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One who knows the full potential of The Kimberley

One who knows the full potential of The Kimberley

By Simon Penn

For John Storey, helping set the course for RacingThePlanet: Australia 2010 was a welcome opportunity to show off the landscape he loves.

After moving to Kununurra more than 30 years ago, John knows the area’s riverbeds, rocky gullies, gorges and spinifex grass plains like the back of his hand. 

He spends most of the year working as a mango farmer and outback tour guide and was enlisted by RacingThePlanet to help plot the course around Kununurra.   

“We came up in 1979 to have a look and fell in love with the place - it was a real frontier at that stage,” John says. 

“It was a frontier, and there was just a feeling of the huge potential for people to have a go at anything and make good – it was a challenge.”

John says that when he was first approached by RacingThePlanet organisers about running an event in the Kimberley he shook his head in disbelief, but the more he looked at the possibilities the more he rose to the challenge.

“When they first came out here in August last year they didn’t really know the full potential of this part of the country – it’s been an eye-opener for them, I’ll put it that way,” he says.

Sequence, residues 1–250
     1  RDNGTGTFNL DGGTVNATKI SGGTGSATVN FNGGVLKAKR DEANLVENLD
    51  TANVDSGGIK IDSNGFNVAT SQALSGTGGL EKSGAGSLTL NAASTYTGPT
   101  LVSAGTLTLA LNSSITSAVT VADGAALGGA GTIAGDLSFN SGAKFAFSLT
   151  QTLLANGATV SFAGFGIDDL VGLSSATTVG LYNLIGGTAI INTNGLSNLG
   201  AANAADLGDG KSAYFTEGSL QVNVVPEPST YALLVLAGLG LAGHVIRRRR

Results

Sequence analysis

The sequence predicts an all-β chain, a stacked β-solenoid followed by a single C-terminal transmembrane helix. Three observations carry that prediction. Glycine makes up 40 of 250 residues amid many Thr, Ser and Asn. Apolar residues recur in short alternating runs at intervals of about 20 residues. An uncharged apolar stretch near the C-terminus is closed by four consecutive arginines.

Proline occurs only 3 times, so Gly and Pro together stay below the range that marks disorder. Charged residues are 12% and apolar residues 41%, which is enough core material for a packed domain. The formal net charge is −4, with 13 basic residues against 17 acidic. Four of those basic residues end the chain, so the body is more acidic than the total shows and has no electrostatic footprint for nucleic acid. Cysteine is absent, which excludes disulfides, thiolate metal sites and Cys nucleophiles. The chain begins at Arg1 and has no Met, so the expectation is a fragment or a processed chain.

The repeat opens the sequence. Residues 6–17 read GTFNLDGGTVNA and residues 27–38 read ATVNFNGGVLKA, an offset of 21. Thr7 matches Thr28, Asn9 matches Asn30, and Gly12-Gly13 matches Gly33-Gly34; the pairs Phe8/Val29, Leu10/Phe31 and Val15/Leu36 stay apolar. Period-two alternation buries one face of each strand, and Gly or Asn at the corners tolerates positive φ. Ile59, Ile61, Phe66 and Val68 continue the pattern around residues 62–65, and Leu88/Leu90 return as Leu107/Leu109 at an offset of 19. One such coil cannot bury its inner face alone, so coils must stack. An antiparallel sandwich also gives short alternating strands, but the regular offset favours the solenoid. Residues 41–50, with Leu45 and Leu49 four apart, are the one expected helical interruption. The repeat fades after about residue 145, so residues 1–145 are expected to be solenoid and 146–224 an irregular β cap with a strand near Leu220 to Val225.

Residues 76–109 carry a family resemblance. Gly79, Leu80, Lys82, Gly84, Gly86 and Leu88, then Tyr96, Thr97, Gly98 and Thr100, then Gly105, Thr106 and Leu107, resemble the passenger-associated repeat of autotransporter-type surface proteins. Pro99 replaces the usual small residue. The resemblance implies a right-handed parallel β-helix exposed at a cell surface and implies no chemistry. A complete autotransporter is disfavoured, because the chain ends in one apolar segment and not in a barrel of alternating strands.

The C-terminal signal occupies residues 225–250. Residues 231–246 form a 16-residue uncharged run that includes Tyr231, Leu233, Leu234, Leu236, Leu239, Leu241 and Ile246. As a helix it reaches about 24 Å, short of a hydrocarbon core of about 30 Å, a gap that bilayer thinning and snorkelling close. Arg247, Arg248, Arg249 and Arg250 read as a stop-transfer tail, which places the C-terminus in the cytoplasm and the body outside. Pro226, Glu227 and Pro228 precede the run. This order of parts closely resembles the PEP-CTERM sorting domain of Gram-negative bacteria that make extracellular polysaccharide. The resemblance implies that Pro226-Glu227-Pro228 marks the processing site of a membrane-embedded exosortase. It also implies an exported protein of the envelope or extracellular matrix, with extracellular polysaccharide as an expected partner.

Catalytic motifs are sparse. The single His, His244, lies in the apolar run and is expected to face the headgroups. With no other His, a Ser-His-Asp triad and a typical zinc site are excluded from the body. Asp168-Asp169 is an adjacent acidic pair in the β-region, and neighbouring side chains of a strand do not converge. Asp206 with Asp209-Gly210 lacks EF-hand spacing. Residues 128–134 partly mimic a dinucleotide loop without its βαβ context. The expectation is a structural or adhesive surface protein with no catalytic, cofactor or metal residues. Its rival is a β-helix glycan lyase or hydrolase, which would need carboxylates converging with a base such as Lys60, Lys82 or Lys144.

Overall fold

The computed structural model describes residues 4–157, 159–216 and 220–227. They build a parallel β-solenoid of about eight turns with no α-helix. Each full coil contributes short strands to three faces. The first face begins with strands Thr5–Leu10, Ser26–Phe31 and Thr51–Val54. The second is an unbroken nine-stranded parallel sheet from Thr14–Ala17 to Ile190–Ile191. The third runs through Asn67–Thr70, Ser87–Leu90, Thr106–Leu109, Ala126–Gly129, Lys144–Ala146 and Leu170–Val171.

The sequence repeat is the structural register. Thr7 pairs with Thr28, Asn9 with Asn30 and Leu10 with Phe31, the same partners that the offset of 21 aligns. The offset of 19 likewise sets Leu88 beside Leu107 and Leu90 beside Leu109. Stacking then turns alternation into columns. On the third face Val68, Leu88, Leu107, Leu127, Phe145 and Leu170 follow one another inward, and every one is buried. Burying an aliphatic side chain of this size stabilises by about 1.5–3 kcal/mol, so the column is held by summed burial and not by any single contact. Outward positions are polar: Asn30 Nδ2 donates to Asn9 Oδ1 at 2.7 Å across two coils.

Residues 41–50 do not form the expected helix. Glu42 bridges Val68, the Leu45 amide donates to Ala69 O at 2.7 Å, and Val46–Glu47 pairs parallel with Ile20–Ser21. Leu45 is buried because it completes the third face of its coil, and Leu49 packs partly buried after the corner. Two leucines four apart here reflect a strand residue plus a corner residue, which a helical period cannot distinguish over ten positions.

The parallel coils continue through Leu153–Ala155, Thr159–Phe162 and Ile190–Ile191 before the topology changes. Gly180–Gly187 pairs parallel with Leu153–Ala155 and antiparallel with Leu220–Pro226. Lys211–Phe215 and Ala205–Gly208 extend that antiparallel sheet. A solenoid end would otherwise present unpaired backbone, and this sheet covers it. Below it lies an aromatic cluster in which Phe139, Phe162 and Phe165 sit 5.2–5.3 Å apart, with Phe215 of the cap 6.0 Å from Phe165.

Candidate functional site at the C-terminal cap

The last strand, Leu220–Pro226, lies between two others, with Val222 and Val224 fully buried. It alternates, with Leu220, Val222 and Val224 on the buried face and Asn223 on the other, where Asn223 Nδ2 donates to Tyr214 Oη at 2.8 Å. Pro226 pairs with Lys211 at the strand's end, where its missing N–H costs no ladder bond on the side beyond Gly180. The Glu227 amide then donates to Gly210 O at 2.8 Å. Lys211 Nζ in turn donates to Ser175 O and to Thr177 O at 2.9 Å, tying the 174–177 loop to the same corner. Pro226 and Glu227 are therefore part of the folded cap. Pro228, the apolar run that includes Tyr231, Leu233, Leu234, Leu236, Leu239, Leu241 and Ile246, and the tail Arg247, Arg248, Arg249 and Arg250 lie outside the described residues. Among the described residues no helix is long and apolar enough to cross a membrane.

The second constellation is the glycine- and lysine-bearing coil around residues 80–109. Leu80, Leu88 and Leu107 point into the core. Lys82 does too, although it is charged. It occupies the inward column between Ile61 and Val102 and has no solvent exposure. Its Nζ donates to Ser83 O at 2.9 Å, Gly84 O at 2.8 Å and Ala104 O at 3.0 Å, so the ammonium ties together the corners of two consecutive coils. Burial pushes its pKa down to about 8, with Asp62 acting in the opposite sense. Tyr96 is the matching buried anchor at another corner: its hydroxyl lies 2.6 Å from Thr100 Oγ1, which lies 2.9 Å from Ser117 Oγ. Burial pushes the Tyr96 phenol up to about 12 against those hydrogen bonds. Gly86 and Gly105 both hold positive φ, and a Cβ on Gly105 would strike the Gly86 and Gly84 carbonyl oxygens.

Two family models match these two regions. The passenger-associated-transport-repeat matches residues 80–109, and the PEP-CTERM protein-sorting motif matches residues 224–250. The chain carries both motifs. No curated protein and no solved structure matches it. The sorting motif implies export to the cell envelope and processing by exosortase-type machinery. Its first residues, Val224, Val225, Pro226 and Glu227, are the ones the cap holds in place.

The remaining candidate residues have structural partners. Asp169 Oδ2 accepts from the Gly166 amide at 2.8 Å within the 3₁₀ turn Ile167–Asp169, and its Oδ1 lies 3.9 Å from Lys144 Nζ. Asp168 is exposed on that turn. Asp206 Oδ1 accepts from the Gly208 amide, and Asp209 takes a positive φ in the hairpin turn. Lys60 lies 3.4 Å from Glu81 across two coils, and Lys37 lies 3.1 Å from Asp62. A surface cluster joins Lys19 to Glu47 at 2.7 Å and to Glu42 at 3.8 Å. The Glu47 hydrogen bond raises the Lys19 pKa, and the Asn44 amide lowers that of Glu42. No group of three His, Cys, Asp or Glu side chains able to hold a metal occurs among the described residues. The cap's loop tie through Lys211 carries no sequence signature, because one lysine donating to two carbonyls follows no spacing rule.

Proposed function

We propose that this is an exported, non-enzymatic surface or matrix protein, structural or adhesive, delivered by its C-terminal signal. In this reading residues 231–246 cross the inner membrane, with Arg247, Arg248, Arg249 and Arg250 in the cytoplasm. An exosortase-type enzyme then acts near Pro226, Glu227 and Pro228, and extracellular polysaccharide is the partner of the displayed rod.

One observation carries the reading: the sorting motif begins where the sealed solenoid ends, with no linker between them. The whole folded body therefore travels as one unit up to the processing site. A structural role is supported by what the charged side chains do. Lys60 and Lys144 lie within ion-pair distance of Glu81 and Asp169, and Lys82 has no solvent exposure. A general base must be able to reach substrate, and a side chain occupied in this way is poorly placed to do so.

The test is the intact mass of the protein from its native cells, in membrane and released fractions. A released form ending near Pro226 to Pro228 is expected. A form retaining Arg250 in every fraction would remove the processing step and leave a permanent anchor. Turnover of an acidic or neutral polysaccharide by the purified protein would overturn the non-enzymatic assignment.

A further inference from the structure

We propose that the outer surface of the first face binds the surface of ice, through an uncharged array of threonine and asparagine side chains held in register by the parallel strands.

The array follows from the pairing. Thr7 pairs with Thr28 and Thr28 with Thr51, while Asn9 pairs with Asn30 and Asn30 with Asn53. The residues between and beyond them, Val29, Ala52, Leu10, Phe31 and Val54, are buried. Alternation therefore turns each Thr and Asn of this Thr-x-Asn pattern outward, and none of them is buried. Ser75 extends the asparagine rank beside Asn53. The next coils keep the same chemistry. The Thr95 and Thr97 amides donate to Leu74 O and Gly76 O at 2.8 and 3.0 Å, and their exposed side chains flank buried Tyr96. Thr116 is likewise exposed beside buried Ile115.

The concept he kept in mind when plotting the course was that he wanted to capture the area’s isolation and majestic scenery, but had to balance that with access and room to set up camp for almost 250 people every night.

So inaccessible is the country, John used a gyrocopter extensively to plot the course.
“I had to balance the country and the spectacular stuff with having it near enough to roads for access,” he says.

Adding to the degree of difficulty was heavy rain just before the event which meant much of the course was under water while they were trying to mark it, but he says that by the time competitors reach those sections it will be in good condition.

The challenges for competitors will be many, John says. The constant rock surface – even in grassy sections the hard rock is only just beneath the surface – will test the competitors, as will the sharp spinifex grass and trees. But the humidity will be the biggest test and cause competitors to expend much more energy than elsewhere.

“As ‘RacingThePlanet’ suggests, you’re running against the country, against the land,” John says.

“The course is going to throw everything at you – there will be some sections, probably 60 per cent, that will be on open track and station road, but the rest is real Kimberley … this is the Kimberley and you’ll get it all.

“Each day will be a little bit different. The landscape will vary, some days will be easygoing and others will be very challenging, but you’ll love every minute of it … I think!” 

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